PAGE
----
1. Would it not be a good idea to encourage Ukippers to vote Ukip? This so that the Tories do not get the vote and our PPC increases her vote or even wins?

  2. My analysis mirrors your own; although I am less sure about multi- member divisions, it does seem that a progressive alliance might have seen at least three seats taken from the Tories. Even more significant was the unopposed seat in Much Wenlock, which at least was an improvement on last time, when I think 8 Tories were returned unopposed
    As ever, the main lesson is that the vast majority of voters did not turn out to vote at all, and that Shropshire remains a county where irrespective of their inept management of our finances and the wholesale carnage that will now take place in our public services, the Conservatives will continue to rule. Collectively, we get the council we deserve.

  3. It is long beyond the time that all political parties should have realised how much their tribal preferences have undermined democracy in Britain.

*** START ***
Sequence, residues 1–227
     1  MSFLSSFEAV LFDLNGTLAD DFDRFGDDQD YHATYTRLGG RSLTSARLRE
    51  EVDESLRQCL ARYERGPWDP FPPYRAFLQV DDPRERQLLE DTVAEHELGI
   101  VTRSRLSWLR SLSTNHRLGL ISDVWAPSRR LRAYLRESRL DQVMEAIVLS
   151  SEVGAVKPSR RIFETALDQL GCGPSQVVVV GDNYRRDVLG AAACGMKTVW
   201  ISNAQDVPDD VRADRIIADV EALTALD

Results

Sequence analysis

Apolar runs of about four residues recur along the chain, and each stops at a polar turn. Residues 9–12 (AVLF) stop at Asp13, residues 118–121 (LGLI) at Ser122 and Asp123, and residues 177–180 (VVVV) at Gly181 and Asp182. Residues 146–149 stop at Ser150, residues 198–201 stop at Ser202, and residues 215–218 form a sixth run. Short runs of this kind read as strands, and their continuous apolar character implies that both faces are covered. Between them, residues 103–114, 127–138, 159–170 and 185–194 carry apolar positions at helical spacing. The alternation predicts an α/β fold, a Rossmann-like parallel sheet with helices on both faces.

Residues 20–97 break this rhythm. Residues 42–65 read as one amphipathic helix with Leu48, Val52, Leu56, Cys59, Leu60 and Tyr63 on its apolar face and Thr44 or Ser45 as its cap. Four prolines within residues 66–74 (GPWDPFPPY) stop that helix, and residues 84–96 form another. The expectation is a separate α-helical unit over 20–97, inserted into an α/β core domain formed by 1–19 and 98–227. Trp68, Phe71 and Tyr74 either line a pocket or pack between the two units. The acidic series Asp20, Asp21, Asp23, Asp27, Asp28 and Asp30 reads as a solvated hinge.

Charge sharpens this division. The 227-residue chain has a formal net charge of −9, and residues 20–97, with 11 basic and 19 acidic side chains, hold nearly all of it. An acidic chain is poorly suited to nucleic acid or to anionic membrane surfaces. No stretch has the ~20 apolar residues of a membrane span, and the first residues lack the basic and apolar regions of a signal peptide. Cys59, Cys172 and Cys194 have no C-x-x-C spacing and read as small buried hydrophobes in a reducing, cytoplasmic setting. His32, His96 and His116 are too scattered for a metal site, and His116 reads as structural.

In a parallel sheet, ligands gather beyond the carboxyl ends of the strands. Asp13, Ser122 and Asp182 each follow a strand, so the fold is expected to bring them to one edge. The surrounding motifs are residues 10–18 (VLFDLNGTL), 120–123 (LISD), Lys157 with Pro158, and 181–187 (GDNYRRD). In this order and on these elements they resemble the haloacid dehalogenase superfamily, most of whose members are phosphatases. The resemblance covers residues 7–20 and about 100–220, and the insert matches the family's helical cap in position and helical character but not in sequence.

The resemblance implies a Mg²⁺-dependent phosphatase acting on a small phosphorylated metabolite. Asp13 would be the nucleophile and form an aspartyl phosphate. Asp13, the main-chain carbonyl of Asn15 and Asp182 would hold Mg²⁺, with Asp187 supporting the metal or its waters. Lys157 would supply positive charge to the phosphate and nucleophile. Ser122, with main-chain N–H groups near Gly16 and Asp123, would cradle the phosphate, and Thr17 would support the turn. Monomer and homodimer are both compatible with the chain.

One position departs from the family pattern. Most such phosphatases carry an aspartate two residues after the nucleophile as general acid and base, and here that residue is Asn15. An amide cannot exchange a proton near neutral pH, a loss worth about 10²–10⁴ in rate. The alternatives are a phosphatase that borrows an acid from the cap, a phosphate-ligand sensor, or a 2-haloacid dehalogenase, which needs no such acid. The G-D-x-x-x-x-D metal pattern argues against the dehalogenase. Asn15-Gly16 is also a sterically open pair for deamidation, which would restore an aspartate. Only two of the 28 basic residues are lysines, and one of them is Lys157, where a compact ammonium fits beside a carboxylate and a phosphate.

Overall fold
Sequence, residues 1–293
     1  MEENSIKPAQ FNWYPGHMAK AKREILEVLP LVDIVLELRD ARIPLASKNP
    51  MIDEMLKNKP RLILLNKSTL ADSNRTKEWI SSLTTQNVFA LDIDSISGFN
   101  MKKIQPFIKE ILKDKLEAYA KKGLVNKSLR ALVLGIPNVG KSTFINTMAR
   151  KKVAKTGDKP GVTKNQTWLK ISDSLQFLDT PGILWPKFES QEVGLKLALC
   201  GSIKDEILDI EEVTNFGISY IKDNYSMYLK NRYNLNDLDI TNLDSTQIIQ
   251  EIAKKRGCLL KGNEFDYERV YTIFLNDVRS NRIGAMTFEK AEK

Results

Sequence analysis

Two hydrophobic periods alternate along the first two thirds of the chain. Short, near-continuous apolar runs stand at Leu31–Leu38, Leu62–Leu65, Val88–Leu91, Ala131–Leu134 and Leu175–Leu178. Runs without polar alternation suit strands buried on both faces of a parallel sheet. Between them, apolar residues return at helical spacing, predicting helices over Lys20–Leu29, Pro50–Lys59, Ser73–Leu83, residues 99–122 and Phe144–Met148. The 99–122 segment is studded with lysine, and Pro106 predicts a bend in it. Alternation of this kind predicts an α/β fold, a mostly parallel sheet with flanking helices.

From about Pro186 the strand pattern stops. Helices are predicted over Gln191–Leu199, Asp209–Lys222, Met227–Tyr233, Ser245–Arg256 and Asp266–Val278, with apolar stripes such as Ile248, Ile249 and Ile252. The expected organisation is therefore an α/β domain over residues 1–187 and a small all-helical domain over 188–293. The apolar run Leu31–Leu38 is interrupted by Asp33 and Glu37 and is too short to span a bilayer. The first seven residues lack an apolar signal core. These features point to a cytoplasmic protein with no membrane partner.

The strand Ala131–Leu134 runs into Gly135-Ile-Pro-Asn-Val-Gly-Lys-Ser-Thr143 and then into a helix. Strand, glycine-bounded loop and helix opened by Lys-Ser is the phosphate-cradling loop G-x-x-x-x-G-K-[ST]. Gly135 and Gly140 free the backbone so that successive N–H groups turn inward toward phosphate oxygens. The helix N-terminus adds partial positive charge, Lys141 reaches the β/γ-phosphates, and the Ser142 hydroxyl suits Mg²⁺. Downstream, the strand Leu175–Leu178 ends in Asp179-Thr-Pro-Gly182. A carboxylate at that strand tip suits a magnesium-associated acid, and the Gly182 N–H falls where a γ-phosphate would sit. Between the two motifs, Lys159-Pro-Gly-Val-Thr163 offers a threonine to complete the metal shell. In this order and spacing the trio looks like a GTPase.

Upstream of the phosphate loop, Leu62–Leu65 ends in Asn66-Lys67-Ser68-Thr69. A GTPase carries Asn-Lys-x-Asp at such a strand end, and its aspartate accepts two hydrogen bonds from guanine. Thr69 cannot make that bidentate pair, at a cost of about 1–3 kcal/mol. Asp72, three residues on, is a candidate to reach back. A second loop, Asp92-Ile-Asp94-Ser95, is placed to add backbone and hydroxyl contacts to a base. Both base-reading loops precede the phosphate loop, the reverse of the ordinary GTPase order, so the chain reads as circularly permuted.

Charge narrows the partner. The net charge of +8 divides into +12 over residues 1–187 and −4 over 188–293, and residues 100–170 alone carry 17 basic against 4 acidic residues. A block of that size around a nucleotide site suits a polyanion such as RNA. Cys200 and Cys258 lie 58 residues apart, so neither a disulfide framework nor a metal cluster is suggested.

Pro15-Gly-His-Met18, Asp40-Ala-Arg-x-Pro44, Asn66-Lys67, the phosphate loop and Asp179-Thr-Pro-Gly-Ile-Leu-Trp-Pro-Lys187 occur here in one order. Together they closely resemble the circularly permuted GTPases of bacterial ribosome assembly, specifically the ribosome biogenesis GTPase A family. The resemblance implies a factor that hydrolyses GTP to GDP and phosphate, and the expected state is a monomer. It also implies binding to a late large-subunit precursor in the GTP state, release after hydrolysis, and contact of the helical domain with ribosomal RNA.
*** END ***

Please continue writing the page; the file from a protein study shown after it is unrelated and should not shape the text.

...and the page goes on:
If they were focussed on national well-being, co-operation would be more acceptable, and provide a broader range of decision preferences, as groups of different MPs would change, preferably in line with their constituents wishes on major policies.

    It’s ‘ConDem’, Constituency Democracy, but requires the willing and meaningful participation of local citizens … many of whom no longer see the point in even voting because of their disgust with today’s political behaviour.

    Thus, progressives need to do a lot more to work with, not dictating to, citizens … à la les Cons … and educate them in the benefits of their input through the easily understood group facilitation and participatory strategic planning methods. If the WI can manage it with similar encouragements, why not the progressives? ALL TOGETHER NOW …